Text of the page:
Researchers observed a significant increase in the expression of CD4 on CD3+ T cells after 96 hours. CD56+ NK cells were also activated after 96 hours as evidenced by expression of the CD69 receptor. The results indicated a major change in immune cell activation in the participant’s sample.
- Stress and Anxiety Relief
An 8-week study was conducted to evaluate the safety and efficacy of a standardised root extract of Ashwagandha through a double-blind, randomised, placebo-controlled trial. 52 subjects suffering from chronic stress received either Ashwagandha (300 mg) or placebo twice daily.
Primary efficacy measures were Perceived Stress Scale and Food Cravings Questionnaire. Secondary efficacy measures were Oxford Happiness Questionnaire, Three-Factor Eating Questionnaire, serum cortisol, body weight, and body mass index (BMI).
Each participant was assessed at the start, at 4 weeks, and 8 weeks. Ashwagandha demonstrated significant improvements in primary and secondary measures and was found to be safe and tolerable. This study suggests that Ashwagandha root extract can be used for body weight management in adults under chronic stress.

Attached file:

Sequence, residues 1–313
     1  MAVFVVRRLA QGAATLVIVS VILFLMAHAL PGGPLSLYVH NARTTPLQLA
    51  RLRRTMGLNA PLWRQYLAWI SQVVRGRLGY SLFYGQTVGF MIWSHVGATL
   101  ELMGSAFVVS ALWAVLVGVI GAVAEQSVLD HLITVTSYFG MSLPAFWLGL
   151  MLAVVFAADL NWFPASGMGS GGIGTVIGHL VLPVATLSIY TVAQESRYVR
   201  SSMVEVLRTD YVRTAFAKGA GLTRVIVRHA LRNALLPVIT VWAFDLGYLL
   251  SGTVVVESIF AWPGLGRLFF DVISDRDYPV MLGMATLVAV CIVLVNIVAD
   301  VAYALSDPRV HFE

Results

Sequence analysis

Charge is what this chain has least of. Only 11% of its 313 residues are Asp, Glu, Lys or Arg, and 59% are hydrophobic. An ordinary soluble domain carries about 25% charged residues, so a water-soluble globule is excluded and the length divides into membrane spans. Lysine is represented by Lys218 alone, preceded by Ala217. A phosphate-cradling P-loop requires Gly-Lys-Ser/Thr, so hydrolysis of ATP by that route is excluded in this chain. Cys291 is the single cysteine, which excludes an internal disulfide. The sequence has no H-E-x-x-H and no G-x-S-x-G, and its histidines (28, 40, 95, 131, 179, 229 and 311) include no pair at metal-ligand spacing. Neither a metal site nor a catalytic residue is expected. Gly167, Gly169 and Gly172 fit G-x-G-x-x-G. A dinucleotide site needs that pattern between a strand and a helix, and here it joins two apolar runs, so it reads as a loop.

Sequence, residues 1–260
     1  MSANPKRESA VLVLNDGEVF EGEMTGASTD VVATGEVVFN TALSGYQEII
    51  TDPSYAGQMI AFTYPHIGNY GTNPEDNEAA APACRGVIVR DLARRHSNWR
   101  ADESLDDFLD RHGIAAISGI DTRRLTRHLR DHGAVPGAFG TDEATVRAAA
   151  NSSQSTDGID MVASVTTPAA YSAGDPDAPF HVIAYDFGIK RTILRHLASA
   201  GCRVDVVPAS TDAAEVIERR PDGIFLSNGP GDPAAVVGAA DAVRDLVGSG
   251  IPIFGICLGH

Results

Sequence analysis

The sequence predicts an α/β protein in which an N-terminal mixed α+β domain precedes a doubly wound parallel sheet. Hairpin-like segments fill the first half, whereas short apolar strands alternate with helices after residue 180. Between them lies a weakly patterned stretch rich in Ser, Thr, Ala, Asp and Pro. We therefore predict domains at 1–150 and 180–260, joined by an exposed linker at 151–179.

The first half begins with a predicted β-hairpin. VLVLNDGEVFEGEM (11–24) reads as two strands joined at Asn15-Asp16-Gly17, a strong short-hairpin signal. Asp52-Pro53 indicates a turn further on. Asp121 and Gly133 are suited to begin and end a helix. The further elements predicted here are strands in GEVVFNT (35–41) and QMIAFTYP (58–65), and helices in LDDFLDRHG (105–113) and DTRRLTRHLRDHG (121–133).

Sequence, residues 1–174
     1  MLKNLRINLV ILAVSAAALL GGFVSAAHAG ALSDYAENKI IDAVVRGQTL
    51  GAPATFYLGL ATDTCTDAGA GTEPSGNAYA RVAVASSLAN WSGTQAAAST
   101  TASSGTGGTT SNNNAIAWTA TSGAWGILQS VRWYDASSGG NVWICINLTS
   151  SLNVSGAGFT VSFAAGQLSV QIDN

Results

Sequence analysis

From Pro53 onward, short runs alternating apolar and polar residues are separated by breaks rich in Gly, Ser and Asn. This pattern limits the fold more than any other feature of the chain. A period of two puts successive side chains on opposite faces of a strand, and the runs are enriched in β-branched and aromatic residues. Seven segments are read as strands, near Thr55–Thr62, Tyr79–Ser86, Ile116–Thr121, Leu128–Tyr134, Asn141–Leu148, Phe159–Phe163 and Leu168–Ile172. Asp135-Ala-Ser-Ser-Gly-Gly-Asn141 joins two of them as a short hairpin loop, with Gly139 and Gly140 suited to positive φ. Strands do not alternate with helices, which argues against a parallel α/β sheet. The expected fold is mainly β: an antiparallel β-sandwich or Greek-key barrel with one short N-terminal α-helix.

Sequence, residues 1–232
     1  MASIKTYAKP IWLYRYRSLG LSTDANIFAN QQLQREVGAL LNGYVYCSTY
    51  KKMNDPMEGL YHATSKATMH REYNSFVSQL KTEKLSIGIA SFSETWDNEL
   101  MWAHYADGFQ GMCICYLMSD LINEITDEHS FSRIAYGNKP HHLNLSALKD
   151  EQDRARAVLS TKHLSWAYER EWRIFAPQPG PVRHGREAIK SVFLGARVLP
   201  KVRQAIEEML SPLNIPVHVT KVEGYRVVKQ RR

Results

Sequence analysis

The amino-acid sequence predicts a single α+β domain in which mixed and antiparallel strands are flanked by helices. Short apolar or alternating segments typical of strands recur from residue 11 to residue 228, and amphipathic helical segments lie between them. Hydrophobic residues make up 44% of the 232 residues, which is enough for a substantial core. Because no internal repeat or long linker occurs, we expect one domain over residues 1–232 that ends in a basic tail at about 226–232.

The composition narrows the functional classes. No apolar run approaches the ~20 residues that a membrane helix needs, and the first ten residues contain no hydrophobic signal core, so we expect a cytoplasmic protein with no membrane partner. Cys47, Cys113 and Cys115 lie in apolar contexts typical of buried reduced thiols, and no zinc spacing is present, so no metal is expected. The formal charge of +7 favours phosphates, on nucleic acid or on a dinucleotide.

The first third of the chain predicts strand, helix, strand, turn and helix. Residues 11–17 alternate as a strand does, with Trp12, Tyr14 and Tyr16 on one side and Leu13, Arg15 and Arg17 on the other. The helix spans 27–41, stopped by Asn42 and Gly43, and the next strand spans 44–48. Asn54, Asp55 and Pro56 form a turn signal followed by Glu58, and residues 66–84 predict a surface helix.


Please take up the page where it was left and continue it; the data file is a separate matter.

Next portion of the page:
- Focus and Concentration
In a double-blind, placebo-controlled study, 20 healthy males were given 500 mg of Ashwagandha root extract for fourteen days. The participants showed significant cognitive improvement in reaction-time tests, discrimination tests, and in card sorting tests, among many others. These results prove Ashwagandha’s ability to support attention, memory, focus, concentration, and responsiveness and coordination between the mind and motor functions. 
A trial was conducted with healthy male volunteers aged fifty to sixty-nine. All the volunteers were given purified Ashwagandha powder in the dose of 3 grams per day for one year. After a year, these males showed an increase in blood counts, improved posture, and increased hair melanin (pigmentation of the hair). 
In another study, healthy children were given 2 grams of powdered Ashwagandha in milk and they experienced improvements in blood counts, body weight, and hand strength.